Finally  these  materials  are  copyright  ©  Eric  Forrester,  2012  and  
may  only  be  reproduced  within  the  establishment  that  purchased  
them.
 
 
Pupil  Notes  ©  
E  Forrester
 2012,  distributed  by  AOK  Learning
 
3
 
Table  of  Conten
ts
 
 
Foreword
 
2
 
Table  of  C
ontents
 
3
 
Section  5  

 Low

level  Processing
 
4
 
 
Exercise
 16
 

 Computer  architecture
 
9
 
 
Exercise  1
7
 

 Integer  storage  
 
14
 
 
Exercise  1
8
 

 Real  numbers  storage
 
17
 
 
Exercise  1
9
 

 Character  storage
 
22
 
 
Exercise  
20
 

 Image  storage
 
26
 
 
Exercise  2
1
 

 Instruction  storage
 
28
 
 
Exercise
 22
 

 Compilers  and  interpreters
 
32
 
4
 
National  4  and  5  Computing  Science  

 
Software  Design  
and  Development
 

 Part  5
 
 
Section  5
 
Low
-­‐
level  Processing
 
 
By the end of this section you should


1.

Understand the binary number system.

2.

Appreciate why binary numbers are used in modern digital
computers

3.

Know the basic architecture of a computer

4.

Know the units of storage of computer memory

5.

Know how data is represented in a computer’s memory as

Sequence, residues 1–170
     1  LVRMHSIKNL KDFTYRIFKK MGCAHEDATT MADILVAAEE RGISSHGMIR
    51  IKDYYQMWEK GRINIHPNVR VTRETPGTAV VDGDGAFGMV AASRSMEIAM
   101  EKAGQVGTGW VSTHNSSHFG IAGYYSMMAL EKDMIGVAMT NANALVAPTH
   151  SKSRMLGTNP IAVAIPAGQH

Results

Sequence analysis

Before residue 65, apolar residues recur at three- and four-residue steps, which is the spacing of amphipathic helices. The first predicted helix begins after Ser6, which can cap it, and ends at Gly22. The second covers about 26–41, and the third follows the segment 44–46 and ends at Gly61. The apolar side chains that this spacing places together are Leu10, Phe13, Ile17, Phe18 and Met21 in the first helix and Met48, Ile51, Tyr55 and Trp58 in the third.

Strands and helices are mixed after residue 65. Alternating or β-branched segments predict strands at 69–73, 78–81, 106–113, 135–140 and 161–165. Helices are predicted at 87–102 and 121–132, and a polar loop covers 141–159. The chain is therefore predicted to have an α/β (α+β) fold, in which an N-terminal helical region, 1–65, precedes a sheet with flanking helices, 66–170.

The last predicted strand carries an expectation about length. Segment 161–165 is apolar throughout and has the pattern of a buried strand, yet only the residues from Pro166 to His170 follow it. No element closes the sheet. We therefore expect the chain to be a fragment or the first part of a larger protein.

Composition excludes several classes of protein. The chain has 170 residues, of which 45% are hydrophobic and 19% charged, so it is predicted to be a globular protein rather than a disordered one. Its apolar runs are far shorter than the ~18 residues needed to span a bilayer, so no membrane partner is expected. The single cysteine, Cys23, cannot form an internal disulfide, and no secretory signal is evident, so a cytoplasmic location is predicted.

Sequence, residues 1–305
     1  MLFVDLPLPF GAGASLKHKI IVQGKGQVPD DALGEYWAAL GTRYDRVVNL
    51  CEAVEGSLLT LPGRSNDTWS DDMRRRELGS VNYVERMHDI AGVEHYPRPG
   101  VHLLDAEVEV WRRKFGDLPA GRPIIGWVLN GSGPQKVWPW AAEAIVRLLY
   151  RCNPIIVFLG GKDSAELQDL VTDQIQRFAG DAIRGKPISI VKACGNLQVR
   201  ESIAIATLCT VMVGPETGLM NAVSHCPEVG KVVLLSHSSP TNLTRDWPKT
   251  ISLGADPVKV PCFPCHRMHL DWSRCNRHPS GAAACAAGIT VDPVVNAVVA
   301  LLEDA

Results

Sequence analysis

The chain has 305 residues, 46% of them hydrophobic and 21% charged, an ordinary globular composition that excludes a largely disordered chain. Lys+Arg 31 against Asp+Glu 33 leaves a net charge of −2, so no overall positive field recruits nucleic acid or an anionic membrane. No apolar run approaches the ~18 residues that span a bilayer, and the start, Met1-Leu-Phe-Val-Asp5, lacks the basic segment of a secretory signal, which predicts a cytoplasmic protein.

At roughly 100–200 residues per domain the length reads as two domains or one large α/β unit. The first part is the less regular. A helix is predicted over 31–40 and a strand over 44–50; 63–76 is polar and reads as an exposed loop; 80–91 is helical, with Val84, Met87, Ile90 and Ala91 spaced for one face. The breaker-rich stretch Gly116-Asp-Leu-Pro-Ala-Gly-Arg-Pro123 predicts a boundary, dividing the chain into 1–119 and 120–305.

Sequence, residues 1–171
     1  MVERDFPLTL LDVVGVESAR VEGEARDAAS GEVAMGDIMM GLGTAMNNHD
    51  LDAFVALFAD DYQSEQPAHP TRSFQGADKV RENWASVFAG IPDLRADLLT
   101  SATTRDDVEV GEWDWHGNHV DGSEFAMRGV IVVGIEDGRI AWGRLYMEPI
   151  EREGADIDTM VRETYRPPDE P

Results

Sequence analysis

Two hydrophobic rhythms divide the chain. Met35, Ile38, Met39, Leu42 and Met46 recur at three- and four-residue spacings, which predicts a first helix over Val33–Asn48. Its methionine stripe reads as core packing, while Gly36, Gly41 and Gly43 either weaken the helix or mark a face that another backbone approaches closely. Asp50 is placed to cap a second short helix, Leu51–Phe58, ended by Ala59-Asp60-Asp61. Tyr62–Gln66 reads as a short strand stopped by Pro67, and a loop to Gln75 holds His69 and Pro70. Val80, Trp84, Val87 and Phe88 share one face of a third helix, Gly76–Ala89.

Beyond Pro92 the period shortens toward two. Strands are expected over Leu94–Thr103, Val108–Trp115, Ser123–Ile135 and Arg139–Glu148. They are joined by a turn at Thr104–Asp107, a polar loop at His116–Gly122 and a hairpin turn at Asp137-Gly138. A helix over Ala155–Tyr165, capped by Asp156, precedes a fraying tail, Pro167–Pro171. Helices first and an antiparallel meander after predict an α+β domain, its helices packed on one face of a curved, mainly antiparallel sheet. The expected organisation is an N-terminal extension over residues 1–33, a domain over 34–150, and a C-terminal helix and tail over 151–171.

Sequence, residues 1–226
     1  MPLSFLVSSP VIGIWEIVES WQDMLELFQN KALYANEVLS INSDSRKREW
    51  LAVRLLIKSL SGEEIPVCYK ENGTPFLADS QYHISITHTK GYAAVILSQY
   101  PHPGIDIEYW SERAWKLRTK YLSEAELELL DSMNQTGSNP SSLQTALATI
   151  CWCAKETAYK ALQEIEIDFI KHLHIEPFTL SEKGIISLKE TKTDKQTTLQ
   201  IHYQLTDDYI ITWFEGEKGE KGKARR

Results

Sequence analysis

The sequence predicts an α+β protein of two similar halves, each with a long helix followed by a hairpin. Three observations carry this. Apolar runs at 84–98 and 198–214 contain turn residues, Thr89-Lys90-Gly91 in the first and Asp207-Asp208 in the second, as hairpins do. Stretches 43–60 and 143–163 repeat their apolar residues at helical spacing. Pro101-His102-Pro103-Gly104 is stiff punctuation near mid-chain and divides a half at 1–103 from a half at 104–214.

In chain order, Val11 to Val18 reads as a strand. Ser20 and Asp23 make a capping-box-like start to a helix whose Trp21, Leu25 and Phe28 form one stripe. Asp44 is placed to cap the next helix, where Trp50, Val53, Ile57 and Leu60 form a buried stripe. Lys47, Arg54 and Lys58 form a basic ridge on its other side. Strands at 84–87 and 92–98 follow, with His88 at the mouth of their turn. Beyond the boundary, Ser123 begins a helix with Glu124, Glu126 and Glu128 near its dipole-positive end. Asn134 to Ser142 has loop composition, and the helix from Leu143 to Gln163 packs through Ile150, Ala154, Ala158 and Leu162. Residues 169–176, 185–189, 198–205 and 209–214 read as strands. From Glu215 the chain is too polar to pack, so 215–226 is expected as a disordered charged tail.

binary

6.

Know how program instructions are
stored in computer
memory
 
Pupil  Notes  ©  
E  Forrester
 2012,  distributed  by  AOK  Learning
 
5
 
5.1

Understand the binary number system

Since  toddlers,  we  have  been  brought  up  to  count  using  the  decimal  
system  
-­‐
 that  is  using  the  numerals  0,  1,  2,  3,  4,  5,  6,  7,  8  and  9.  If  we  
want  to  represent  a  number  bigger  that  9  we  
start  combining  the  
numerals  to  give  23,  148  or  1037857563.  
 
Humans  use  decimal,  because,  with  most  of  us  having  10  fingers,  
we  can  use  them  to  help  us  count!
 
However,  any  number  can  be  used  as  a  base  for  counting.  The  most  
commonly  used  alternative  to  usi
ng  ten  numerals  is  to  use  just  two  
numerals,  0  and  1.  This  is  called  the  
binary
 (meaning  two)  number  
system.
 
Any  number  that  you  can  represent  in  decimal  can  also  be  
represented  in  binary.  
 
 
For  example:
 
 
Decimal
 
0
 
1
 
   2
 
   3
 
       4
 
       5
 
       6
 
       7
 
           8
 
9
 
 
 
Binary
 
0
 
1
 
10
 
11
 
100
 
101
 
110
 
111
 
1000
 
 
1001
 
 
You  will  learn  later
 how  to  convert  a  decimal  number  into  binary  
and  a  binary  number  into  decimal.
 
 
You  can  carry  out  calculations  in  binary,  just  as  you  can  in  decimal.
 

6
 
National  4  and  5  Computing  Science